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Q&A With Bruce Botnick

Credit: Photo: Kelly Fajack/WPN

SAM BERKOW: You built your studio primarily as a surround-capable mix room. Can you talk a bit about how you use this room? How much of your work is surround?

BRUCE BOTNICK: I use the room mostly for mixing in stereo, as the surround business has become somewhat mute. However for music scores for films, 5.1 is the format.

BERKOW: Your work spans TV, film, and music, mixing and tracking. In an age of specialization how do you see your job?

BOTNICK: In my early days, I was considered a engineer—at least that's what the credits said. Later on after recording everything under the sun—commercials, children's albums, musicals, classical, jazz, rock, and, my two favorites, country and western—I moved into producing, recording, mixing, and dubbing music for motion pictures.

The landscape has broadened greatly, and I have many job titles, but “music maker” sums it up. Be it 5.1, stereo, mono, analog, vinyl, or digital, the bottom line is that we're still making music and the format is nothing but a vehicle. With time, everything is new and everything is the same—just the toys change.

BERKOW: You brought us, SIA Acoustics, in to help address low-frequency issues in your room. At what point did the low-end problems become disturbing enough for you to take corrective action?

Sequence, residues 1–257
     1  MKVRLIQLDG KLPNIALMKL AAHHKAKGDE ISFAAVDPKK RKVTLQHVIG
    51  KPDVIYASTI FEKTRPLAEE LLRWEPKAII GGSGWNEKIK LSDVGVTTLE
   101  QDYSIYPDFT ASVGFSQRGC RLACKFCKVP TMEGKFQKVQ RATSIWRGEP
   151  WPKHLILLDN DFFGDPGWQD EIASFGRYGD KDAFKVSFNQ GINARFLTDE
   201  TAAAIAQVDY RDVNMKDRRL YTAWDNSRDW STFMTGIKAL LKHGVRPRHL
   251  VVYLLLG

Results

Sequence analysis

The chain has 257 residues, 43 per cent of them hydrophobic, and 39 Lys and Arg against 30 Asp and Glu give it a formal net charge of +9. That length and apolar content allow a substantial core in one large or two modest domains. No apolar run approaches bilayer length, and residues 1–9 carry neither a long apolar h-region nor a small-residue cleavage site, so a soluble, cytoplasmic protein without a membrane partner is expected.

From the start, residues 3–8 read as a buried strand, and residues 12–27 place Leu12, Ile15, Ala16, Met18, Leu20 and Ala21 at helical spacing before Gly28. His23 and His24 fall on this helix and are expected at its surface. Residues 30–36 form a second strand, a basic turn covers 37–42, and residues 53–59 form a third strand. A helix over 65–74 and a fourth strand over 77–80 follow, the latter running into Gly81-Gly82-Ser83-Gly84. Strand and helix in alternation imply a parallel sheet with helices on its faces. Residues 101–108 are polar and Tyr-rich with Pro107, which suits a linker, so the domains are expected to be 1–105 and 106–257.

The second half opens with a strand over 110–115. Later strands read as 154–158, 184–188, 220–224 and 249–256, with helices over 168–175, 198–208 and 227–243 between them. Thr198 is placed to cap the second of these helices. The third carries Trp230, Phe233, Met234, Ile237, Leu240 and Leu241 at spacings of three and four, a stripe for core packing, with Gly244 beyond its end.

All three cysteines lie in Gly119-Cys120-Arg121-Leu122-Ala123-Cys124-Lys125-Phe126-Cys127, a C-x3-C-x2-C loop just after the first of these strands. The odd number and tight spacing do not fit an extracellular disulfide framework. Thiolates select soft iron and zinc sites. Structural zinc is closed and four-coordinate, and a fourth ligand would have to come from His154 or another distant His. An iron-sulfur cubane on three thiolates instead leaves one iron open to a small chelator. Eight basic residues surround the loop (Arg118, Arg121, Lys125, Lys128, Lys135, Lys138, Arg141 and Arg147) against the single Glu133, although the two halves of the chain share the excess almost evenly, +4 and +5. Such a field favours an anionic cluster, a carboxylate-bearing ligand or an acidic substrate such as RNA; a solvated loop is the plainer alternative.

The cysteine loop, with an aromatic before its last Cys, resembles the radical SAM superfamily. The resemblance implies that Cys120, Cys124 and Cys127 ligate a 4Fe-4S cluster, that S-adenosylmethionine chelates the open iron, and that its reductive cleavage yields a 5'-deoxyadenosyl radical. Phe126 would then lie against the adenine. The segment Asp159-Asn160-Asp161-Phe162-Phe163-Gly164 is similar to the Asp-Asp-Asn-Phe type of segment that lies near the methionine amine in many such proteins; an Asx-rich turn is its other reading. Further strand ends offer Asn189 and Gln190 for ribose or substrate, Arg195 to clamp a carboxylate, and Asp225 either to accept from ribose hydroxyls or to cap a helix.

BOTNICK: From the beginning I noticed that the low frequencies weren't up to snuff and I was always guessing as to what the bottom really was. Since I completed the room in early 2004, I'd been on a quest to find the low-frequency holy grail. At every opportunity I'd plea with anyone who would listen to direct me to someone who truly understood the art of acoustics.

BERKOW: When we first met in your space, we spent some time listening to the low end in various locations. How important were those listening sessions?

BOTNICK: Listening is everything. Some of what I hear is in my imagination and I'm able to translate that into something concrete. The listening tests were great because in a very short time we were able to confirm what I wasn't hearing and translate that into a meaningful solution. I'm so happy that I can now hear the bottom anywhere in the room.

BERKOW: We've talked about how to achieve a consistent, tight, accurate low end. What tricks do you use for placing subwoofers when you work in rooms other than your own?

BOTNICK: When I work at other studios and use my own loudspeaker system, the first thing that I do is ask the A2/2nd engineer where the best place in the control room is to put the LFE [low-frequency effects]. The second thing I do is to place the LFE at the mix position, play a repeating sweep from 40 Hz to 100 Hz, and walk around the room listening, with my trusty Radio Shack sound pressure meter in hand. When I find the sweet spot, that's where I place the LFE.

Most of the time it coincides with what others before me have found; other times not. I've also found the best way to overcome blockage and erroneous reflections from the LFE blowing into the back of a console is to have it on its back, blowing straight up towards the ceiling. That seems to get the best and most accurate dispersion.



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